# Why couldn't the Karush-Kuhn-Tucker optimization find the solution?

I have the following utility maximization problem: $$\max (xy)$$ $$(x+y-2)^2 \leq 0$$ Conditions: $$y-2\lambda (x+y-2) =0$$ $$x-2\lambda (x+y-2) =0$$ $$\lambda(x+y-2)^2=0$$

When I set $\lambda>0$, I get: $$(x+y-2)^2=0 \Rightarrow (x+y-2) = 0$$ $$y-2\lambda (x+y-2) = y = 0$$ $$x-2\lambda (x+y-2) = x = 0$$

But the obvious solution is $x=y=1$.

When I set $$\lambda=0$$ that's not a case with a valid solution either. Is the constraint too low? What is the explanation to this?

I would greatly appreciate your help.

• I tried to simplify the equations a bit. If you disagree feel free to roll back my edit. – Giskard Oct 20 '15 at 7:04

As @user32416 pointed out the first order stationarity conditions are not enough. Specifically it seems that you violate Slater's condition, which states that "the feasible region must have an interior point". There are no $x,y$ for which $$(x+y-2)^2 < 0.$$

If you rephrase the problem to $$\max (xy)$$ $$x+y-2 = 0$$ $$x,y \geq 0$$ Slater's condition is met (for linear conditions no interior points are necessary) and you can apply Karush-Kuhn-Tucker.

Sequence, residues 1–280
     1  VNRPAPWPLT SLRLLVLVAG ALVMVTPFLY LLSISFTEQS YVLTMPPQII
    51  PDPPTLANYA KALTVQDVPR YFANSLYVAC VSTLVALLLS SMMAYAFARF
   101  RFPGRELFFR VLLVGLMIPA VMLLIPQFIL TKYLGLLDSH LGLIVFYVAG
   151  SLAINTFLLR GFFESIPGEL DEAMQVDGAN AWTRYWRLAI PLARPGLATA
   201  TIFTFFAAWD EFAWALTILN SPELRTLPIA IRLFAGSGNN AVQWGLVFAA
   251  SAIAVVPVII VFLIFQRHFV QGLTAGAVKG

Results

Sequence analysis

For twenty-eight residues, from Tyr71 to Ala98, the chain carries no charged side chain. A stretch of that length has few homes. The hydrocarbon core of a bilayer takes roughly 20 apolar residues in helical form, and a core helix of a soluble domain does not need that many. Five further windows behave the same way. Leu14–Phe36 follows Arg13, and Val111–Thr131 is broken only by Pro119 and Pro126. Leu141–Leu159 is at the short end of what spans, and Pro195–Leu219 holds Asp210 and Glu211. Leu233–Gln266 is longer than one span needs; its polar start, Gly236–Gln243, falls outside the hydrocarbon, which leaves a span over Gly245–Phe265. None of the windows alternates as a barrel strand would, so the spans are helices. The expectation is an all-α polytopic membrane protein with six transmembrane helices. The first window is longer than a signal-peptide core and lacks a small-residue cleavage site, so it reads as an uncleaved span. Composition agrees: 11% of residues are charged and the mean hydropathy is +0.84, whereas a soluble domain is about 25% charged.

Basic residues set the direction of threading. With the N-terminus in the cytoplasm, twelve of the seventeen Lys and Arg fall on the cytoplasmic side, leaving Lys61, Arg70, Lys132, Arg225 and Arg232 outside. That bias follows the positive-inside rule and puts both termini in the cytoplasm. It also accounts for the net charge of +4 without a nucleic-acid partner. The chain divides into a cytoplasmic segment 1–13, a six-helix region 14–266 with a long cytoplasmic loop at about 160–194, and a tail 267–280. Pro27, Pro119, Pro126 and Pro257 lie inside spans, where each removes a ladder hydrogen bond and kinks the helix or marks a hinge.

This is an ill-posed question. Even without going through KKT, your constraint $(x + y - 2)^2 \le 0$, since the left-hand side is a square, means that the only solution that is feasible is the one where the equality binds; i.e. $(x + y - 2)^2 = 0$, or that $|x + y - 2| = 0$ -- of which what you say that $x = y = 1$ is a solution.

• Yes but can you apply K-K-T to this rephrased problem? – Giskard Oct 20 '15 at 6:55
• You're only including the first order stationarity conditions here. But you're completely ignoring the complementary slackness and primal feasibility conditions. Thus what you'd written there is not even the full KKT formulation. – user32416 Oct 20 '15 at 7:01
• Thank you all for your constructive criticism and help! My prof said that this problem wasn't well defined, because he wanted to represent the importance of Slater's condition. – Übel Yildmar Oct 20 '15 at 22:00

As already noted, the constraint is such that it turns itself into an equality constraint. Your problem then is simplified to

$$\max_{x,y} (xy) \;\;\; s.t.\;\; x+y-2=0$$

Rearrange the constraint and substitute for $y$ to obtain the single variable unconstrained problem

$$\max_{x} (2x-x^2)$$

This provides immediately the solution $x=1$ and so also $y=1$.

Using the Karush-Kuhn-Tucker conditions on the original problem, may be good practice in order to see for yourself that the complementary slackness condition must also hold (and "Slater's condition" is one of the formulations of it), but Occam's razor would require that the problem should be actually solved as above.